Levi Strauss (1829-1902) immigrated to the United States from Bavaria in 1847. He worked in the family’s dry goods business in New York until 1853, when he Levi left for California as part of the great gold rush. He didn’t go to pan for gold; he went to open a branch of the family wholesale dry goods business.
In 1872, Levi Strauss and one of the merchants he supplied, Jacob Davis of Reno, Nevada, applied for a patent for a method of reinforcing pants that Davis had developed. The method involved placing metal rivets at stress points in the pants where wear normally occurred. These rivets made the pants stronger.
At first the pants were made piecemeal by sewers in their homes, but by 1880, Strauss has started a factory in which to manufacture the “jeans.” Due to the great success of the product, the company grew. They were soon making a variety of riveted products. One pant model, known as the XX, was given the lot number 501 in 1890.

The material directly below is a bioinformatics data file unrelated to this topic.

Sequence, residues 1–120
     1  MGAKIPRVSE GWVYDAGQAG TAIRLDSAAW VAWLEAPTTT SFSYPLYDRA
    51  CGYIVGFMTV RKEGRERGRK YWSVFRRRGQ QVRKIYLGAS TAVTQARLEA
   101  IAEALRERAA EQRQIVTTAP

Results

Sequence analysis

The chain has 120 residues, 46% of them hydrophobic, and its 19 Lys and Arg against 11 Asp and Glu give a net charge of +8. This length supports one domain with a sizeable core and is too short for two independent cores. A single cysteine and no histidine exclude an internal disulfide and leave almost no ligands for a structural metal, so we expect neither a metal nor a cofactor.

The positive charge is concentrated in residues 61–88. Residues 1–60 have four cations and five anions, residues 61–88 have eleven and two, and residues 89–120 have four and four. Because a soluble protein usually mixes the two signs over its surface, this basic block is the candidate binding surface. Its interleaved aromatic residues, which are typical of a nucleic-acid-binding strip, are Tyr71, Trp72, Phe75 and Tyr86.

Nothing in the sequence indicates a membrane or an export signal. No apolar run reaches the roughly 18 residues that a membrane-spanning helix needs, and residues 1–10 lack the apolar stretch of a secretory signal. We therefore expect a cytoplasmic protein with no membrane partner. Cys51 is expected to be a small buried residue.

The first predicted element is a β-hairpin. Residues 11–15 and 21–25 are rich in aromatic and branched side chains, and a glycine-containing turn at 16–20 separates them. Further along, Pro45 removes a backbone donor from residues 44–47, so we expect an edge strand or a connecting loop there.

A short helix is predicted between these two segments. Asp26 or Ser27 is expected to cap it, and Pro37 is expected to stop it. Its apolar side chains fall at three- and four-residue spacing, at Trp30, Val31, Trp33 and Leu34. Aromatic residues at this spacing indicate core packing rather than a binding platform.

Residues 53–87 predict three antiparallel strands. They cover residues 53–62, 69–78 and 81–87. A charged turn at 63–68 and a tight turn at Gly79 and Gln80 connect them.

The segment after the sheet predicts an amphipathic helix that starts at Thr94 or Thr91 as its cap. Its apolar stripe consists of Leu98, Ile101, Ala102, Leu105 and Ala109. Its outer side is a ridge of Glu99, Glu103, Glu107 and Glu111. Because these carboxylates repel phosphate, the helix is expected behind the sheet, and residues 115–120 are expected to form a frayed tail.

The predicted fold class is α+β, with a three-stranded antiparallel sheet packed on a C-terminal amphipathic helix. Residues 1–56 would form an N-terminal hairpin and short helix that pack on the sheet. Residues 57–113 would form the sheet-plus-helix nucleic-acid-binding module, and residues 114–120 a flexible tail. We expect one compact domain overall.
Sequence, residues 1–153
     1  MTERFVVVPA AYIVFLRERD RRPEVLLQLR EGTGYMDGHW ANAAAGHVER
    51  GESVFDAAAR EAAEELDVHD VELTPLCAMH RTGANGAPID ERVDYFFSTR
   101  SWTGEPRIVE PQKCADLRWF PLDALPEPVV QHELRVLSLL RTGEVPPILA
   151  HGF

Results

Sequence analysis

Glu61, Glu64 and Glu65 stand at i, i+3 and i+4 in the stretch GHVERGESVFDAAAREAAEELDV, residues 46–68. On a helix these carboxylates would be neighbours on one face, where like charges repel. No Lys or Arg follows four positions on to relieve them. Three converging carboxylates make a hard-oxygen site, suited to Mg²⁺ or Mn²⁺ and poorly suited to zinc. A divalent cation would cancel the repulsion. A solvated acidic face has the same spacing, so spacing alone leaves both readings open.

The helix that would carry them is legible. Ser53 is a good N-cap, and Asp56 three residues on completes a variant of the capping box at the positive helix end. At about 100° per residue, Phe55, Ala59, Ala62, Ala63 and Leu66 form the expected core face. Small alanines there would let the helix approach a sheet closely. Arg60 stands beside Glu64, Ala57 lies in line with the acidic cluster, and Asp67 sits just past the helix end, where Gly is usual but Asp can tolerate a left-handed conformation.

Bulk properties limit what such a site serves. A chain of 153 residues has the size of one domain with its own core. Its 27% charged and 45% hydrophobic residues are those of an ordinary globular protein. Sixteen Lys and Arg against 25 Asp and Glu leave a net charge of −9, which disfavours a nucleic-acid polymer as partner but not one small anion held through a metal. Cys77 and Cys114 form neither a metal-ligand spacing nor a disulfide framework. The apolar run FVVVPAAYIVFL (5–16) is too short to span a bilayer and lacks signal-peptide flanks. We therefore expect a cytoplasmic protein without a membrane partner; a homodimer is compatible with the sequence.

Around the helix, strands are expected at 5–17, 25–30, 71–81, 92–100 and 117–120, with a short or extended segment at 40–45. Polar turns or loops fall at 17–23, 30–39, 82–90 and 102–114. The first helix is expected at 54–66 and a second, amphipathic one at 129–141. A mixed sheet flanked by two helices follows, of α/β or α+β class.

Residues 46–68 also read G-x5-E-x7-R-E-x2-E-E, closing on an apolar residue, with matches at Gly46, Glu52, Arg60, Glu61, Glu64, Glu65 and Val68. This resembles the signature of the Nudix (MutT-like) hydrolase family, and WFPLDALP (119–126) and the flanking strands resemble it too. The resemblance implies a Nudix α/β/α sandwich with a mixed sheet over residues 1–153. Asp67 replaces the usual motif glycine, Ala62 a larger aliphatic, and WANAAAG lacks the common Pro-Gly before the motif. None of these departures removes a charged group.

When Levi Strauss died in 1902, the company was being run by his four nephews. It was they who, in 1906, rebuilt the company after the company buildings were destroyed in the fires that followed the San Francisco Earthquake.
During the 1930s, Levi Strauss & Co worked out a plan so that they could keep their workers employed through the Depression. It was also during the 1930s, in 1934, that they first made jeans for women. The line was called “Lady Levis.”
In 2002, Levi’s announced that they would cease all US production of their jeans, ending what was probably the longest production of a product in the United States. All Levi’s jeans, the All-American garment, are now made overseas.
Written by Lizzie Bramlett, fuzzylizzie.com